Friday, 2 May 2014

Police Reform: Details of Home Secretary changes to Stop and Search Police powers - a very welcome reform

On Wednesday in parliamanet the Home Secretary made clear that excessive stop and search has to cease: the reforms in LOondon are being rolled out across the country: this is a shortened version of what she had to say:

"I have long been concerned about the use of stop and search. While it is undoubtedly an important police power, when it is misused stop and search can be counter-productive. First, it can be an enormous waste of police time. Second, when innocent people are stopped and searched for no good reason, it is hugely damaging to the relationship between the police and the public. In those circumstances it is an unacceptable affront to justice.

Her Majesty’s Inspectorate of Constabulary were commissioned to inspect every force in England and Wales to see how stop and search powers are used.

The consultation generated more than 5,000 responses, and it was striking that those on the receiving end of stop and search had very different attitudes to those who are not. While 76 per cent of people aged between 55 and 74 thought stop and search powers are effective, only 38 per cent of people aged between 18 and 24 agreed. While 66 per cent of white people thought stop and search powers are effective, only 38 per cent of black people agreed.

The inspectorate reported that 27 per cent of the stop and search records they examined did not contain reasonable grounds to search people, even though many of these records had been endorsed by supervising officers. If the HMIC sample is accurate, that means more than a quarter of the one million or so stops carried out under the Police and Criminal Evidence Act last year could have been illegal.

Official figures show that if you are black or from a minority ethnic background, you are up to six times more likely to be stopped and searched by the police than if you are white, and only about ten per cent of stops result in an arrest.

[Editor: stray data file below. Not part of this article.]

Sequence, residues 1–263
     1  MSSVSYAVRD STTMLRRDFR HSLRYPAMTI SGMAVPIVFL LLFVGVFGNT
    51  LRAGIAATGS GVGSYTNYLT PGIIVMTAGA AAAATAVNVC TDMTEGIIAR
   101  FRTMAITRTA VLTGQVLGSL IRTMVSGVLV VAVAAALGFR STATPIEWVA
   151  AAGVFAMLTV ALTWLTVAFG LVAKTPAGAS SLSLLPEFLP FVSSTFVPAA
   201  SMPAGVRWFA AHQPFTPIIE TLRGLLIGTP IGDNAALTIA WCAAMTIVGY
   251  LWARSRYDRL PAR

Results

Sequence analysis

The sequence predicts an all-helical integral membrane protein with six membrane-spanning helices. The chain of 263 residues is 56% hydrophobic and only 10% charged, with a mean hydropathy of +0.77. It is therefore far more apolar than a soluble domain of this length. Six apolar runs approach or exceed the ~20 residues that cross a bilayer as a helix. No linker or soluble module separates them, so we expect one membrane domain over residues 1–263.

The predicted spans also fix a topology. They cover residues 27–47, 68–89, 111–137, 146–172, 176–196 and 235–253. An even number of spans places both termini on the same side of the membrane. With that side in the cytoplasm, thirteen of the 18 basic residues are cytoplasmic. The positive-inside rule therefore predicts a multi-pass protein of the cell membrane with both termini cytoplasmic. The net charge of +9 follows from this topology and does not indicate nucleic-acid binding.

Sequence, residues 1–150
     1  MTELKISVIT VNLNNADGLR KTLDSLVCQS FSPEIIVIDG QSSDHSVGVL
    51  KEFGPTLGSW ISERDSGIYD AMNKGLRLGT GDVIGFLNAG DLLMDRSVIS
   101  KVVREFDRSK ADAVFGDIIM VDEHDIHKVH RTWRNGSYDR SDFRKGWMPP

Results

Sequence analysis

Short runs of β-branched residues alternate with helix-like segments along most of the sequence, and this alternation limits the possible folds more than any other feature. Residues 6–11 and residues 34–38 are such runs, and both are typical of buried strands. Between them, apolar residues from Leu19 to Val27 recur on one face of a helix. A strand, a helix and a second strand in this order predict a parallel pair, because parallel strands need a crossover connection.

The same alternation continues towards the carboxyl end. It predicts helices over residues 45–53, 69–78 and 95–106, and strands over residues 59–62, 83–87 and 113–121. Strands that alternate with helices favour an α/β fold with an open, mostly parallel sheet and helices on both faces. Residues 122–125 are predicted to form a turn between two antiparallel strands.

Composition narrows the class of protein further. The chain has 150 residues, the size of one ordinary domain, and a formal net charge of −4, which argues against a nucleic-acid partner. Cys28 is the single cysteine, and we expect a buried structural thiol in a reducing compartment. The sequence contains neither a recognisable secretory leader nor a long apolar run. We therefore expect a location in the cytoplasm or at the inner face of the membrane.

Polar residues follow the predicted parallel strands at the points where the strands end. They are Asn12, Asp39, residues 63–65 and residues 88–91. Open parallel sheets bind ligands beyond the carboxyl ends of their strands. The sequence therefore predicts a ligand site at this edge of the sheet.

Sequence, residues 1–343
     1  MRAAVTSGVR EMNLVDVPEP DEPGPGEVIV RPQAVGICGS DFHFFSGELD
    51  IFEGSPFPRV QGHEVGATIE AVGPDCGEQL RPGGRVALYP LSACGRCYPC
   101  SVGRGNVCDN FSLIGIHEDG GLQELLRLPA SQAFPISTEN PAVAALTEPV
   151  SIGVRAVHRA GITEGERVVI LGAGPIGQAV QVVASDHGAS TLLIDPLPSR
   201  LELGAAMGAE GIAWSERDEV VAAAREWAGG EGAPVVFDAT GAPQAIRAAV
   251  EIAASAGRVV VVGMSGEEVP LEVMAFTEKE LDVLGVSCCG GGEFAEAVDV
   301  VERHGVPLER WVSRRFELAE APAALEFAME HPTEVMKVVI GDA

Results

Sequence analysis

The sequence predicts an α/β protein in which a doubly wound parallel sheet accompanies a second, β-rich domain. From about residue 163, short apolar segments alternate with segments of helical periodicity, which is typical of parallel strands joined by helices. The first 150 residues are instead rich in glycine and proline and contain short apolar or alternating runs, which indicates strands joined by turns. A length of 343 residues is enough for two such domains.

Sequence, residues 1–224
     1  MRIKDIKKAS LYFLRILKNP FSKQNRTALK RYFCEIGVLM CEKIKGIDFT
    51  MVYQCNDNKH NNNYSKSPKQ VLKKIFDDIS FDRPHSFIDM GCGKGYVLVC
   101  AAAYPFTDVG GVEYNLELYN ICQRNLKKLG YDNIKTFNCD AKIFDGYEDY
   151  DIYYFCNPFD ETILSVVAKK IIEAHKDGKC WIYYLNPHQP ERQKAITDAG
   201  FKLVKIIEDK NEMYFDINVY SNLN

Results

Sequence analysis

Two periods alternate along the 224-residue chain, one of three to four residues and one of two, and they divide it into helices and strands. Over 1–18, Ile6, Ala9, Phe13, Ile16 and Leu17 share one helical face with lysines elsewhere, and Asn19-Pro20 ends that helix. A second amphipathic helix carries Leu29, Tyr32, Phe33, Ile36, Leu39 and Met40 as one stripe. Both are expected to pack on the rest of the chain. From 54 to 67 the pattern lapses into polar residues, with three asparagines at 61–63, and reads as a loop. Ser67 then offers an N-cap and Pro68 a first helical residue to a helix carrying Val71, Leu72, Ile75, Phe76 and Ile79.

In London, thanks to the leadership of Sir Bernard Hogan-Howe, changes to stop and search show that it is possible to reduce the number of stops, improve the stop-to-arrest ratio and still cut crime. Since February 2012, the Metropolitan Police have reduced their overall use of stop and search by twenty per cent. They have reduced no-suspicion stop and search by ninety per cent. In the same period, stabbings have fallen by a third and shootings by forty per cent. Complaints against the police have gone down and the arrest ratio has improved.

HMIC‟s study into the use of stop and search revealed that more than half the police forces in the country are ignoring the requirement set out in the Police and Criminal Evidence Act Code of Practice A to make arrangements for public scrutiny of stop-and-search records. This is an important duty that should empower local communities to hold police forces to account, and so I have written to all chief constables and police and crime commissioners to tell them to adhere to the code. I have told them that if they do not do so, the Government will bring forward legislation to make this a statutory requirement.

Earlier today I commissioned Alex Marshall, the chief executive of the College of Policing, to review the national training of stop and search with a view to developing robust professional standards for officers on probation, existing officers, supervisors and police leaders. I want this to send the clearest possible message – if officers do not pass this assessment, if they do not understand the law or they do not show they know how to use stop and search powers appropriately, they will not be allowed to use them.

The proposals I have outlined today amount to a comprehensive package of reform. I believe that they should contribute to a significant reduction in the overall use of stop and search, better and more intelligence-led stop and search and improved stop-to-arrest ratios. But I want to make myself absolutely clear: if the numbers do not come down, if stop and search does not become more targeted, if those stop-to-arrest ratios do not improve considerably, the Government will return with primary legislation to make these things happen.

Because nobody wins when stop and search is misapplied. It is a waste of police time. It is unfair, especially to young, black men. It is bad for public confidence in the police."